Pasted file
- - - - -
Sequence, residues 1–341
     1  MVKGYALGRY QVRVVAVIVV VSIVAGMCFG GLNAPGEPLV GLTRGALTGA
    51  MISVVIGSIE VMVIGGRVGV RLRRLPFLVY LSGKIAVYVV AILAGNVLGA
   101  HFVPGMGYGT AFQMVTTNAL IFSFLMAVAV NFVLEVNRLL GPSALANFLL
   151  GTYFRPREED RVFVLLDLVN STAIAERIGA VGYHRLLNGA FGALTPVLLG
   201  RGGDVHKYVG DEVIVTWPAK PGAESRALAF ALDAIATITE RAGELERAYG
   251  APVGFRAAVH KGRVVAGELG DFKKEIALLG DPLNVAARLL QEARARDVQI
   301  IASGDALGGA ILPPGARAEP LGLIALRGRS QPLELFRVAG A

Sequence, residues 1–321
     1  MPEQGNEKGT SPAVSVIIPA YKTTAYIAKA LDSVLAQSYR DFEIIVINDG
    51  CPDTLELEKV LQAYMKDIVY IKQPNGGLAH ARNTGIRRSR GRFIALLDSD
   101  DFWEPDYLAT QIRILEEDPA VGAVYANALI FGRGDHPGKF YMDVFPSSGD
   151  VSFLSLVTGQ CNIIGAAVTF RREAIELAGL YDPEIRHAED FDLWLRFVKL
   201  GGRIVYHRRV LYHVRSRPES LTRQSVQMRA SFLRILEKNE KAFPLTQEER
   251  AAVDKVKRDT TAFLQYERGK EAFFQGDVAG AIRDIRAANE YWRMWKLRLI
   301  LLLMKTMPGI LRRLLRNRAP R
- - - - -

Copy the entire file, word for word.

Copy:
Sequence, residues 1–341
     1  MVKGYALGRY QVRVVAVIVV VSIVAGMCFG GLNAPGEPLV GLTRGALTGA
    51  MISVVIGSIE VMVIGGRVGV RLRRLPFLVY LSGKIAVYVV AILAGNVLGA
   101  HFVPGMGYGT AFQMVTTNAL IFSFLMAVAV NFVLEVNRLL GPSALANFLL
   151  GTYFRPREED RVFVLLDLVN STAIAERIGA VGYHRLLNGA FGALTPVLLG
   201  RGGDVHKYVG DEVIVTWPAK PGAESRALAF ALDAIATITE RAGELERAYG
   251  APVGFRAAVH KGRVVAGELG DFKKEIALLG DPLNVAARLL QEARARDVQI
   301  IASGDALGGA ILPPGARAEP LGLIALRGRS QPLELFRVAG A

Sequence, residues 1–321
     1  MPEQGNEKGT SPAVSVIIPA YKTTAYIAKA LDSVLAQSYR DFEIIVINDG
    51  CPDTLELEKV LQAYMKDIVY IKQPNGGLAH ARNTGIRRSR GRFIALLDSD
   101  DFWEPDYLAT QIRILEEDPA VGAVYANALI FGRGDHPGKF YMDVFPSSGD
   151  VSFLSLVTGQ CNIIGAAVTF RREAIELAGL YDPEIRHAED FDLWLRFVKL
   201  GGRIVYHRRV LYHVRSRPES LTRQSVQMRA SFLRILEKNE KAFPLTQEER
   251  AAVDKVKRDT TAFLQYERGK EAFFQGDVAG AIRDIRAANE YWRMWKLRLI
   301  LLLMKTMPGI LRRLLRNRAP R